Sanne Struijk on systemic distortions in sanctions law: 'A reconsideration of the revision of the sanctioning system is much needed'

Sanne Struijk

"Instead of a streamlined whole, in my view, there are separate parts in our penal sanction system that are poorly aligned with each other, resulting in systemic distortions," Sanne Struijk, Professor of Penal Sanction Law at Erasmus School of Law, argued during her inaugural lecture on 29 September 2023. These distortions hinder the customisation and effectiveness of sanctioning. In her lecture titledĀ Streamlining Penal Sanction Law: On consistency, customisation, and responsibilities, Struijk highlights the need to revise the current sanctioning system.

Penal sanction law refers to the entirety of the imposition and enforcement of criminal sanctions. More broadly, according to Struijk, it looks at the question of how and by whom can, or even should, criminal behaviour be responded to, for what purpose this is done and what effect it has on the offender and society." Those purposes of penal sanction law are often referred to in general terms as retaliating for injustice, doing justice to victims and preventing crime or its recurrence.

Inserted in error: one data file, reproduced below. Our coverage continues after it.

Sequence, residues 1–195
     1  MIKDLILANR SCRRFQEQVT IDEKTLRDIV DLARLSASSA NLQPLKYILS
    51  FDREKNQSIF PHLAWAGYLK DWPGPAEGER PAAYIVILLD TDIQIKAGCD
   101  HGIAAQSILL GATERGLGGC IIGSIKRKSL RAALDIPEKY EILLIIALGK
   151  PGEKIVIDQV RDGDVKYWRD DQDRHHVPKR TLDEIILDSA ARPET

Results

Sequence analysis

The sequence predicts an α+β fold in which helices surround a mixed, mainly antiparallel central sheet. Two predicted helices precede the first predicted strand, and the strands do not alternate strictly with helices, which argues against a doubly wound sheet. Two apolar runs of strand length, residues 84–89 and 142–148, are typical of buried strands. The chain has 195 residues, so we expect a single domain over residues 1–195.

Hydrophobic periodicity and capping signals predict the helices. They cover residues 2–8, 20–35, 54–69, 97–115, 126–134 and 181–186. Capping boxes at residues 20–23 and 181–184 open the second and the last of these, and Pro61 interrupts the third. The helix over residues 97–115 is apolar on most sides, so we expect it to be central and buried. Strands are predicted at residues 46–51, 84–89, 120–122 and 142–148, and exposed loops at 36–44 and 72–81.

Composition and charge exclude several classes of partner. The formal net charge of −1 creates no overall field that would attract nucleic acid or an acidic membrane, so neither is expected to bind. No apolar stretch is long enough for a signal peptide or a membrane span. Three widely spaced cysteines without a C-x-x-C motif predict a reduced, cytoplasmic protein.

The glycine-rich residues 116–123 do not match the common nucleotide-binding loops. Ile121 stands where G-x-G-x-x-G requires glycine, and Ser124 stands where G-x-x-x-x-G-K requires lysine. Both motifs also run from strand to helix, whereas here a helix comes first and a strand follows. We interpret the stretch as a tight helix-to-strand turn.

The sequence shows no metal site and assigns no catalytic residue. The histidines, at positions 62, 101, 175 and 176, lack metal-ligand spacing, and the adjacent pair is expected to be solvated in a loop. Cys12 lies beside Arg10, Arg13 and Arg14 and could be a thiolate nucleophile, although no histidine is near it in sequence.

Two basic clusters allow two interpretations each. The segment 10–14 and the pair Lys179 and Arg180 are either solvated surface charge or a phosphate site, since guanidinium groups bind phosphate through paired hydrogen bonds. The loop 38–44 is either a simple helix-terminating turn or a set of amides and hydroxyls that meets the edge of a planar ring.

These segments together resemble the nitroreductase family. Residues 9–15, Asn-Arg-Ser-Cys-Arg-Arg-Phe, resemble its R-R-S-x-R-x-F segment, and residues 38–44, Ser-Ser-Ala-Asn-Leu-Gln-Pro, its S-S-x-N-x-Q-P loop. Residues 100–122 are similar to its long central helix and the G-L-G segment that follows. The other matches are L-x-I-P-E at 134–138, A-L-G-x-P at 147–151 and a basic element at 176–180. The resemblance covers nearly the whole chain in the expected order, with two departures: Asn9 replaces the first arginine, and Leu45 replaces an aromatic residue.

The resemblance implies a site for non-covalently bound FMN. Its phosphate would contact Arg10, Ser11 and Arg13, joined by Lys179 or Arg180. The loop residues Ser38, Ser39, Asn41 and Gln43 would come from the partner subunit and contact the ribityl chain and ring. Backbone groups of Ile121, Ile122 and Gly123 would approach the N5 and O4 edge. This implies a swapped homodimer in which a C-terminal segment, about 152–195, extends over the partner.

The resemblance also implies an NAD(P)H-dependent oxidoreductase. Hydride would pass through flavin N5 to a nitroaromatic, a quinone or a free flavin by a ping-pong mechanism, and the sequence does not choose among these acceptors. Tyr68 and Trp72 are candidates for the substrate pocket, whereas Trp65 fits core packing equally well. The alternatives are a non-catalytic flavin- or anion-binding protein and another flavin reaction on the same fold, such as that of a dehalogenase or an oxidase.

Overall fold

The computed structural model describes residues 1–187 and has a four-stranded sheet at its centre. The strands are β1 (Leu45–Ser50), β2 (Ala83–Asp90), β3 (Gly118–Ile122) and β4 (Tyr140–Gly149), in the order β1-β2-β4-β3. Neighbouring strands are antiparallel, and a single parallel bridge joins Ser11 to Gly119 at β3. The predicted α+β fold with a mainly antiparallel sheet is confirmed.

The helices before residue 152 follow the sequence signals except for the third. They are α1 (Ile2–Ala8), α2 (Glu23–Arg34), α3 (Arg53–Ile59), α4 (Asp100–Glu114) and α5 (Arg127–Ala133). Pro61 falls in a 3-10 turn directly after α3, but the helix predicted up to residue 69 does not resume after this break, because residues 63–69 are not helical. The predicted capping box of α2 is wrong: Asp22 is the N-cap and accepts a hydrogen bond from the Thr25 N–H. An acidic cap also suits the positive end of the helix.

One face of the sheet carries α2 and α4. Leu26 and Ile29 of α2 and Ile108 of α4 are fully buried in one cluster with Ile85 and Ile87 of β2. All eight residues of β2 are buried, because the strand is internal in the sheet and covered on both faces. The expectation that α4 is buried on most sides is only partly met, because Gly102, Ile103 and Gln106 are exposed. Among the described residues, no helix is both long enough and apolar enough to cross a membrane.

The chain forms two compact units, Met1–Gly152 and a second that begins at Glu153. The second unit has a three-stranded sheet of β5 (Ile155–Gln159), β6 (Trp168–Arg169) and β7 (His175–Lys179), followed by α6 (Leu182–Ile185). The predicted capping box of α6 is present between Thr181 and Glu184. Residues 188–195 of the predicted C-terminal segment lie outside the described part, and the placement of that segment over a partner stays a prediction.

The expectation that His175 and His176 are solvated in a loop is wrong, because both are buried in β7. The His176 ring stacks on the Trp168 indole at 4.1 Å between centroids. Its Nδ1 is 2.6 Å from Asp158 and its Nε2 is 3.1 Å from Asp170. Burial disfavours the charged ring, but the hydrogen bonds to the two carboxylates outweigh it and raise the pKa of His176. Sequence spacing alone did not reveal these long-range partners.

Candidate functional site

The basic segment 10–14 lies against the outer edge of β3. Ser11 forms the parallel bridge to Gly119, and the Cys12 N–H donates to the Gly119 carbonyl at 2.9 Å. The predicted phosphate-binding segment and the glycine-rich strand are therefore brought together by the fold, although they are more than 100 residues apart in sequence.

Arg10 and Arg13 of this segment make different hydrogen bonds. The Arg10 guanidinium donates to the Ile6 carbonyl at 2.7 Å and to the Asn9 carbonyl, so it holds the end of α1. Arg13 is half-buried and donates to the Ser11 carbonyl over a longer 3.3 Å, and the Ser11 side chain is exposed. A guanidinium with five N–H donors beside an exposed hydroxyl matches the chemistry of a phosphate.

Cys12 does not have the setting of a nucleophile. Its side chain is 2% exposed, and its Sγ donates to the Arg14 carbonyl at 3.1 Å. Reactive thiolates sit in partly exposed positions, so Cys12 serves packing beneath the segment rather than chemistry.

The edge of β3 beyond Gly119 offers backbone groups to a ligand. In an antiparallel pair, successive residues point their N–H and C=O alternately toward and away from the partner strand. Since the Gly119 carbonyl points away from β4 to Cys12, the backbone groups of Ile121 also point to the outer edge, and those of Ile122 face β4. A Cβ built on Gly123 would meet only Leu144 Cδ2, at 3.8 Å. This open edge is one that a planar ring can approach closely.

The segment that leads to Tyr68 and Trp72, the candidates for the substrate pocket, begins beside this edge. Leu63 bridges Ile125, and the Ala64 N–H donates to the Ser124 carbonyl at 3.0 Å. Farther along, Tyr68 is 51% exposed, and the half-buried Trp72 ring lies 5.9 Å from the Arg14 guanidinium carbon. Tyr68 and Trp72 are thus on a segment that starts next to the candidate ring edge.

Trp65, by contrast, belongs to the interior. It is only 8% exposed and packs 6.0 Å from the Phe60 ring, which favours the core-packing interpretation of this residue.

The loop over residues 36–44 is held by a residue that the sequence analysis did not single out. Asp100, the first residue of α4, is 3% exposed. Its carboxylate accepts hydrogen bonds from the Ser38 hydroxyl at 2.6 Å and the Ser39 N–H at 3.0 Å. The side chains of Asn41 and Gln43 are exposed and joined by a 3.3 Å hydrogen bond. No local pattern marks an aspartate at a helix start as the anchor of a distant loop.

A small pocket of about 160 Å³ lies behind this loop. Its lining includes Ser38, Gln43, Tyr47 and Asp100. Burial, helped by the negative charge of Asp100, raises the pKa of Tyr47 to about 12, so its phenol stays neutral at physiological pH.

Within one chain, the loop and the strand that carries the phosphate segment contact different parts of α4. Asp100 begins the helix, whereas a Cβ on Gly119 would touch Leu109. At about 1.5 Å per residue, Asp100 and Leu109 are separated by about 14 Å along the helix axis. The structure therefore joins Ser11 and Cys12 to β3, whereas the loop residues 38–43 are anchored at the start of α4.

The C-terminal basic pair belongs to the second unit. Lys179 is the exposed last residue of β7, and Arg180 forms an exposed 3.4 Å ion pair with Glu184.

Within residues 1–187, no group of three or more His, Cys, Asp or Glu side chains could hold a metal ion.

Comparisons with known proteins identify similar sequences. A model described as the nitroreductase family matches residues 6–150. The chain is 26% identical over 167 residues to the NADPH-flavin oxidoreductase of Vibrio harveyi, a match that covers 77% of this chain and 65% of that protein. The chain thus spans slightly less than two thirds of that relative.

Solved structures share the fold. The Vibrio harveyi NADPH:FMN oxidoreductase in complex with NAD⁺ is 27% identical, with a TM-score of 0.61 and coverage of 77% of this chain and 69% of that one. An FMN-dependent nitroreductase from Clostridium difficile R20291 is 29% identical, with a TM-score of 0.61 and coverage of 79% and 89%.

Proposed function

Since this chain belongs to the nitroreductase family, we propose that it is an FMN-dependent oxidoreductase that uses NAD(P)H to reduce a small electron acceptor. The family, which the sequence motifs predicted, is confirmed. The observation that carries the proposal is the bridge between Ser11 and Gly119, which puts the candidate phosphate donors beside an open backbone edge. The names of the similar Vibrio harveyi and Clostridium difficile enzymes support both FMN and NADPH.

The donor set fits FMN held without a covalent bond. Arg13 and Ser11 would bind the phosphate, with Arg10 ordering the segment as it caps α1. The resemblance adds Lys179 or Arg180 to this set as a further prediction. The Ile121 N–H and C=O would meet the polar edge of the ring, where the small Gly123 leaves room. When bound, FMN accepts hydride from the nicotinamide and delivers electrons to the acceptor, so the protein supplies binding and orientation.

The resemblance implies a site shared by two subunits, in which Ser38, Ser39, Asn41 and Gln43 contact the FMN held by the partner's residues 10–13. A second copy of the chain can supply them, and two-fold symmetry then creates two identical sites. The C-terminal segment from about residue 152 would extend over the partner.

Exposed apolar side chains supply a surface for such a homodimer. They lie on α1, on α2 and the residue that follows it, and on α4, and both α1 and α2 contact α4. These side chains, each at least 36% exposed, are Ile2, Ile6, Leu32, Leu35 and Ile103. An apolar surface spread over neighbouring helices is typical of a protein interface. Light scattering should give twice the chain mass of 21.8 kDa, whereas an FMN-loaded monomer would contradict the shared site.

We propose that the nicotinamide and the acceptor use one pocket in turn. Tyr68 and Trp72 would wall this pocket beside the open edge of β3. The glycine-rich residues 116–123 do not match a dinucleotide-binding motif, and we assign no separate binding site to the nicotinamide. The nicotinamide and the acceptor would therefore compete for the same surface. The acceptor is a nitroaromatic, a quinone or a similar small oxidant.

A review is much needed

The legal system of sanctions is primarily found in the Penal Code. "Among other things, this system provides general rules on the applicable sanctions and their minimum duration, maximum duration and the possibilities of combinations between them", Struijk states. However, the purposes of punishment and the theory surrounding it have traditionally been regarded as a question of dogmatics, which need not be answered in the statute. Although the sanctions system has been founded on certain principles since the late 19th century, it also undeniably represents the translation of changing social and political views. "The law, and therefore also the law of sanctions, has always had to relate to that reality", Struijk explains.